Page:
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  1. #31

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    Re: What's your opinion on Disney rides/lands themed to movie franchises?

    Same as most other things - they can be great in the right dose, but it's easy to go overboard with it.

  2. #32

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    Re: What's your opinion on Disney rides/lands themed to movie franchises?

    Great discussion guys! Thanks for all your input! It's interesting to see everyone's own thoughts.

    ---------- Post added 11-08-2012 at 10:53 AM ----------

    I guess I should have clarified. I'm talking more about the outside franchises that Disney bought and are trying to incorporate. Iron Man, unlike Peter Pan, Alice, and Snow White, isn't and will never be considered a "Disney film" even though Disney know owns Marvel. I guess that's the difference that bother's me.

  3. #33

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    Re: What's your opinion on Disney rides/lands themed to movie franchises?

    Quote Originally Posted by wsiirola View Post
    I'm talking more about the outside franchises that Disney bought and are trying to incorporate. Iron Man, unlike Peter Pan, Alice, and Snow White, isn't and will never be considered a "Disney film" even though Disney know owns Marvel. I guess that's the difference that bother's me.
    Exactly right. All this acquisition-and-marketing makes Disney look less like the creative innovator that it once was, and more like the Wall Street mega-corporation that it has become. Disney is well on its way to swapping its heritage of beloved purveyor of magic for notoriety as the world's most expensive Big Box Store of brands, brands, and more brands.
    "With the acquisition of Marvel and now of Lucasfilm,
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  4. #34

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    Re: What's your opinion on Disney rides/lands themed to movie franchises?

    I'm okay with character tie-ins, but I'd prefer for them to be better thought out when applied so that they mesh into the settings better. Tomorrowland's the biggest area suffering from this on both coasts: The Pixar stuff that isn't related to Buzz Lightyear is generally thrown in like Tomorrowland is Hufflepuff or something and even Buzz Lightyear muddles the Tomorrowland narrative by being about the toy rather then the actual space ranger as depicted in the early 2000s-era television series. Similarly, Stitch's Great Escape in Florida is a bad choice both from it being a prequel and thus set in 2002 and it just being a terrible attraction.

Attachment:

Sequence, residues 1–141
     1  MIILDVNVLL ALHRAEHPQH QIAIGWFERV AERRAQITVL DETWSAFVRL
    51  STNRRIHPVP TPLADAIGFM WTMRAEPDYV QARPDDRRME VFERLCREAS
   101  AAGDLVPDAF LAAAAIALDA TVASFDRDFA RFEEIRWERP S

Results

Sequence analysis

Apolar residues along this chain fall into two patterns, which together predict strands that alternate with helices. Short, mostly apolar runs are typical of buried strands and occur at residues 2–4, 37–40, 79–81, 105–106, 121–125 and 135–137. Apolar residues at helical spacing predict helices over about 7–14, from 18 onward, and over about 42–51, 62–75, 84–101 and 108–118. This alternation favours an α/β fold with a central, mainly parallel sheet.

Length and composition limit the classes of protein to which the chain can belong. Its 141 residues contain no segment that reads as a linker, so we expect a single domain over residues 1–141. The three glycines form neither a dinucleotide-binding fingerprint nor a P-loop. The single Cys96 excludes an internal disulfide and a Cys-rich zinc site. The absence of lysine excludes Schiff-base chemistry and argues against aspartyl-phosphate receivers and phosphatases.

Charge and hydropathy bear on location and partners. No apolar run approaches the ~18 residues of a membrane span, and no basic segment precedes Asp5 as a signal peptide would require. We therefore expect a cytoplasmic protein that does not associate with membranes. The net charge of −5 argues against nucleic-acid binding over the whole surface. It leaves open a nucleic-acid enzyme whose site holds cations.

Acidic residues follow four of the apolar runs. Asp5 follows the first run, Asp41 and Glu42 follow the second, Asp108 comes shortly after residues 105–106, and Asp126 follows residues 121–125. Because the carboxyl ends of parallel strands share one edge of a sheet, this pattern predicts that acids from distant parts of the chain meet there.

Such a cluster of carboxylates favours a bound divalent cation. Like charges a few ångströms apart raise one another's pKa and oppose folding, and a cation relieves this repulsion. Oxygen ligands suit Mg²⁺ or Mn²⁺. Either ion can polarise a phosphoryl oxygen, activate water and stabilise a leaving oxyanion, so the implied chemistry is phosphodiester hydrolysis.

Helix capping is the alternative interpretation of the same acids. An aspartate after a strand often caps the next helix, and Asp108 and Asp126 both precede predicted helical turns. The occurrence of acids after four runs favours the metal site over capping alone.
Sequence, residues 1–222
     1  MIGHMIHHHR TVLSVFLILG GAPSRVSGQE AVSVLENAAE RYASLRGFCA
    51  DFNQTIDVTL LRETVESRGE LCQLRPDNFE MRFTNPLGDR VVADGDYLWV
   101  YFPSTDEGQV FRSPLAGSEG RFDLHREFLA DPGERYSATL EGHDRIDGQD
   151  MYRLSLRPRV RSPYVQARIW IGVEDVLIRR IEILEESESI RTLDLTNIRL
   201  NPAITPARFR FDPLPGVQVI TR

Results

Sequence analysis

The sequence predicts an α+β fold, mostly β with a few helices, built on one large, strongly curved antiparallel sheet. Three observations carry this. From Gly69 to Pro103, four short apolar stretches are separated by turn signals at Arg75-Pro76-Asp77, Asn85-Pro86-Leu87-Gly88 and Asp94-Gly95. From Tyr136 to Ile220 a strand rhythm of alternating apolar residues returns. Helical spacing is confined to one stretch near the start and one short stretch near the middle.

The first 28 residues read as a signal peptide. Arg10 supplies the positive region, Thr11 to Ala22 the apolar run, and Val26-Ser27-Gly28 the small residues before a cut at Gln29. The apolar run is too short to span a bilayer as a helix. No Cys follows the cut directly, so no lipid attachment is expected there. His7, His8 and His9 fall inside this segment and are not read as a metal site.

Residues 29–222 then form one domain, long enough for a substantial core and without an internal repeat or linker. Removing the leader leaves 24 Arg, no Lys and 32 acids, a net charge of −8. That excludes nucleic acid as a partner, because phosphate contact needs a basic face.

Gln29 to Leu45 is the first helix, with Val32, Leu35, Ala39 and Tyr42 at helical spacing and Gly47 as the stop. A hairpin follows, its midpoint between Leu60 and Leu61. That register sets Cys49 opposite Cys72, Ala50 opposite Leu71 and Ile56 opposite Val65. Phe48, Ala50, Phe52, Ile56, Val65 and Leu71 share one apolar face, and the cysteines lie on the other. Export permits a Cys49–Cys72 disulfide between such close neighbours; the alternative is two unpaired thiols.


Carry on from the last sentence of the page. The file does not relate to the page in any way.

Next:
They had such a good campaign book for 90s Tomorrowland, but then Marketing decided to play Dungeonmaster.
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  5. #35

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    Re: What's your opinion on Disney rides/lands themed to movie franchises?

    Quote Originally Posted by mine,mine,mine View Post
    Don't forget sleeping Beauty's Castle. Walt built it to promote the new movie coming out. Imagine if Walt built the park without the beloved landmark castle...

    I know not a ride, but you get the idea...
    I thought the castle was just a castle when it was first built. It didn't carry the Sleeping Beauty name until a few years later when the movie was near coming out.

    But anyway what I like about the Disney Parks having original rides is that you're experiencing new Disney stories. I think it's become far more appreciated now as we live in an era consumed by sequelization and franchising. Good original concepts and movies are getting far and few inbetween.

    But I don't mind the inclusion of Disney characters as long as they are done to quality and can adapt well to the theme(s) of the park they are in. Both Disney Animal Kingdom and Tokyo Disneysea seem to provide the perfect balance of originality with Disney characters.
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  6. #36

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    Re: What's your opinion on Disney rides/lands themed to movie franchises?

    I think what Walt wanted to do with the park is make people feel like they were living a unique movie of their own imagination by giving them environments to make-believe in - Turn of the century main street, the old west, a european fantasy village, the space age future. Re-hashing movies that already exist wouldn't leave enough up to the guest to be creative with, so Walt did this somewhat spareingly in the parks.

    If he was only interested in films he would have just kept making films - Disneyland for him was another art form all together that one could experiance, touch, taste and feel. He wanted to take people places with his created environments just like he could take you somewhere in a movie. He was a true artistic genious and was interested in creating in the medium of 3D reality in addtion to his film projects.

    Please don't look at Disney films and Disneyland as a cause and effect sort of thing as everyone seems to be doing, think of them more like creative parallels. I'm always so astounded that more people don't see that...
    Last edited by Gwenchanter; 11-09-2012 at 12:46 AM.

  7. #37

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    Re: What's your opinion on Disney rides/lands themed to movie franchises?

    Reading this thread just leaves my head spinning. All input is good but I'm getting kind of weary of "Should they do this?" and "should they do that?"

    With three new major IPOs ( Avatar, Marvel and now Star Wars ) not to mention this talk of Hasbro on the way, why don't they just run off and build a new park called Random License Land?

    All sarcasm aside, the reason why incorporating all of this into any park, new or old, could be a bad idea is obvious. These are licenses they can buy and someday may have to sell. Why base a bunch of rides on it? Look at Islands of Adventure, now with all these Marvel rides they don't own the license to. ( And before anyone can chime in, yes, I know their agreement for the use of these licenses is more complicated than my blanket statement, I'm just trying to be brief. )